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Why Do Cats Lick Dogs? (5 Possible Reasons)

Chelsie Fraser

By Chelsie Fraser

cat licking dog ear

Cats and dogs don’t always make best friends. If you introduce a new cat or dog to a multi-pet household, it’s normal to have some tension at first. But when you walk in on your cat licking your dog, you might be wondering if it’s a sign of affection or something else entirely.

Good news! There are a few reasons cats might lick dogs, but they’re generally positive. Cats lick other cats frequently, and sometimes they extend this behavior to humans or other pets in the household. Here are four reasons why your cat might be licking your dog.

1. Grooming

Cats use their tongues to groom, and they’re pretty good at it. Cats’ tongues have small hooks that act like teeth on a comb. Cats are built to handle the dirt, bacteria, and other things in their fur—that way, cleaning themselves doesn’t make them sick.

Grooming is also a social activity for cats. Cats who live together often groom each other. That way, they can help each other stay clean and share affection. Your cat might groom dogs the same way, recognizing that your dog’s fur needs brushing out.

bengal cats licking eachother
Image Credit: Ilona Koeleman, Shutterstock

2. Affection

Cats can also lick dogs as a sign of pure affection. Grooming isn’t purely practical for cats—it’s also a way to show love. Cats often lick each other or their humans to build stronger social connections. Licking can also be a sign of trust, as the grooming helps your cat relax. If your cat is grooming your dog, she probably trusts him enough to get close and let down her guard around him.

dog and cat cuddling
Image Credit: Chendongshan, Shutterstock

3. Attractive Scents

This reason isn’t quite as lovey-dovey as the others, but it isn’t a bad sign either. Sometimes, cats lick dogs because they are curious about the smell and taste. Your cat might smell the oils in your dog’s fur and want to taste them, or your dog might have traces of food in its fur that your cat wants to get at. If your cat is just curious about the taste, it might not be a sign of affection—but it does mean that your cat feels pretty safe and secure!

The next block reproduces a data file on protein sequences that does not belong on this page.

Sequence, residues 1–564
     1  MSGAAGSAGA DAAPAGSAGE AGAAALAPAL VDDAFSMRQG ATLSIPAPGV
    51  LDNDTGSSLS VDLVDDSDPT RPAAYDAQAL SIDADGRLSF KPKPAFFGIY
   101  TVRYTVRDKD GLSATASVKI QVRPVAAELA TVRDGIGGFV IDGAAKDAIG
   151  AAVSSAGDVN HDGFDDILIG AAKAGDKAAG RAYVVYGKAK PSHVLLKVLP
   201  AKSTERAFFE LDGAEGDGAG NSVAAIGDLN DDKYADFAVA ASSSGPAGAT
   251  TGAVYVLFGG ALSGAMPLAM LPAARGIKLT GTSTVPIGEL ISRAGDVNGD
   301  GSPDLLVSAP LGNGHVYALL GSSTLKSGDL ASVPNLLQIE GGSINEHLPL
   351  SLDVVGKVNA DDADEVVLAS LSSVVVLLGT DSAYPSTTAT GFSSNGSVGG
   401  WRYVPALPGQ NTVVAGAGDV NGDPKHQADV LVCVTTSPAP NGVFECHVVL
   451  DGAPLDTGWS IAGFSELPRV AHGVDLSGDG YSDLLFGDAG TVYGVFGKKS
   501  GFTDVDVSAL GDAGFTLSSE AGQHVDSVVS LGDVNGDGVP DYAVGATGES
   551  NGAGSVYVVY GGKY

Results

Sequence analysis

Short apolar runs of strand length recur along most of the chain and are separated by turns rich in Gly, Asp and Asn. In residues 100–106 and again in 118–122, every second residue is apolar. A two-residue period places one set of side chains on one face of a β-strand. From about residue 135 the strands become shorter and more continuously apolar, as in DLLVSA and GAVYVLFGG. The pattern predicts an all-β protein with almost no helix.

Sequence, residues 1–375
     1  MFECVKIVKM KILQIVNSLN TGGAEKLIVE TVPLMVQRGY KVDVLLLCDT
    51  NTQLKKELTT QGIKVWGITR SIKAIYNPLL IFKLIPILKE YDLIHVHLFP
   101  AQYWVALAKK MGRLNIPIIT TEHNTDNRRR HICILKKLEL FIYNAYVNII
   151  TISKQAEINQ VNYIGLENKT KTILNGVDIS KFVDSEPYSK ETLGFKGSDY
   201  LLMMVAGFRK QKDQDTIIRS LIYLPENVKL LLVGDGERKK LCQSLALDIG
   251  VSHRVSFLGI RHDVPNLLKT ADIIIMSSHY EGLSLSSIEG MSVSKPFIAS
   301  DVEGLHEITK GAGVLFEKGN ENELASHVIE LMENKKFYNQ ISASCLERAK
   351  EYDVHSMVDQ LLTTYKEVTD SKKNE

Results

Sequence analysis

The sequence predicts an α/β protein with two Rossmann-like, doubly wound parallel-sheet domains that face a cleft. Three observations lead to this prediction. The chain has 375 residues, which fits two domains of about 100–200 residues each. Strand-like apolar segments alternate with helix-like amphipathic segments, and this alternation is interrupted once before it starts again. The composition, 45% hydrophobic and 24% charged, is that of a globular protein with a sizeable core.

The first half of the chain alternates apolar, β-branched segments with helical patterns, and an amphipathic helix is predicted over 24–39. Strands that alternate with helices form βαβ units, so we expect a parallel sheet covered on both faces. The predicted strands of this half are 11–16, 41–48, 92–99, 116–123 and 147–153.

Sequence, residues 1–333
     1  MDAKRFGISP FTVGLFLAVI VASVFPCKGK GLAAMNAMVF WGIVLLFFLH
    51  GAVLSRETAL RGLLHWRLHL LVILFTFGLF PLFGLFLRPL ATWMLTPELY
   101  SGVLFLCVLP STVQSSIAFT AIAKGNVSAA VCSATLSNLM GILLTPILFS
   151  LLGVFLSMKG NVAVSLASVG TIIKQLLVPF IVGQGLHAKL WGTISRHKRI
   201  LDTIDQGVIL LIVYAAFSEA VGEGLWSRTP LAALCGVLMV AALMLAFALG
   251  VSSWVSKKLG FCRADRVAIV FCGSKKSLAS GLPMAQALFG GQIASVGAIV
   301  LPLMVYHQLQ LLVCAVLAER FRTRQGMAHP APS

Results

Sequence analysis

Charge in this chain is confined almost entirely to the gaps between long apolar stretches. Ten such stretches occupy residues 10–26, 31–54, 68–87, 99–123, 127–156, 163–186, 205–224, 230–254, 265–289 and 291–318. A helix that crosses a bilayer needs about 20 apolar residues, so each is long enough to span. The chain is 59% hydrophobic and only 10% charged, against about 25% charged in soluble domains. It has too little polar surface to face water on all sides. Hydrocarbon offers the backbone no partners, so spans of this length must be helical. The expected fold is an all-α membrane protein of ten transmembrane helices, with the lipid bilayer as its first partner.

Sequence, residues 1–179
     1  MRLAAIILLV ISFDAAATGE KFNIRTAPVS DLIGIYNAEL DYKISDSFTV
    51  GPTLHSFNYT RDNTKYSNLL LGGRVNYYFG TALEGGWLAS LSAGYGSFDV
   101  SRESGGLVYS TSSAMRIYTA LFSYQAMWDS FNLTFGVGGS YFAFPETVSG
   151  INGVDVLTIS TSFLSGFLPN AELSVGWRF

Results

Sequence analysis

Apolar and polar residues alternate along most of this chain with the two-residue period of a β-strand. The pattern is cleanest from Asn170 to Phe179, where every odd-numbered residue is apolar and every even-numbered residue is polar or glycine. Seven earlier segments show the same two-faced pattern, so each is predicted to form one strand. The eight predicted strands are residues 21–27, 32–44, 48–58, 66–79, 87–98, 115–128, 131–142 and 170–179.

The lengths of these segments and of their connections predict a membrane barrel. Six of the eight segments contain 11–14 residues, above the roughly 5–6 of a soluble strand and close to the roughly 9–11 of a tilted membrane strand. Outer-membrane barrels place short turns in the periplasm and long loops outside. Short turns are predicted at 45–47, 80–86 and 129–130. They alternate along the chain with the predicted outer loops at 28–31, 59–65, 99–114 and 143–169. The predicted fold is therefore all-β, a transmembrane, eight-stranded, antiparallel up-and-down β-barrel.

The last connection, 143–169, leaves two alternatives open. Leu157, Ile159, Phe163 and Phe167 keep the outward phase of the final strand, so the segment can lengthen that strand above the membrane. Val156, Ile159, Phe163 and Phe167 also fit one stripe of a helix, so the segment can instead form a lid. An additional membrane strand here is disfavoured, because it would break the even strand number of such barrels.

cat scratches black dog
Image Credit: Irina Kozorog, Shutterstock

4. Scent Marking

Licking is also a way to transfer scent onto a new animal. Cats have a much stronger sense of smell than humans, and they love things that smell familiar. That’s one reason why cats rub up against things, and it’s also a reason cats lick dogs. They’re putting their saliva on the dog so that they can smell it later and recognize the dog.

If your dog is new to the house, this is probably the biggest reason your cat is licking it. A new dog will bring new scents to the household, and your cat is trying to incorporate the scents. It can even be a form of pack-bonding for your cat.

a dog chasing a cat under the table
Image Credit: SabineGeringer, Pixabay

5. Mothering

A final reason why cats might lick dogs is because of mothering instincts. Cats lick newborn kittens to dry them, keep them warm, and clean them. If you have a puppy, your cat might decide to adopt it, so to speak. And even if your dog is a little older, your cat might decide he needs mothering if he seems helpless to her. This grooming is a sign that your cat thinks the dog needs taking care of—which is better than enmity for sure.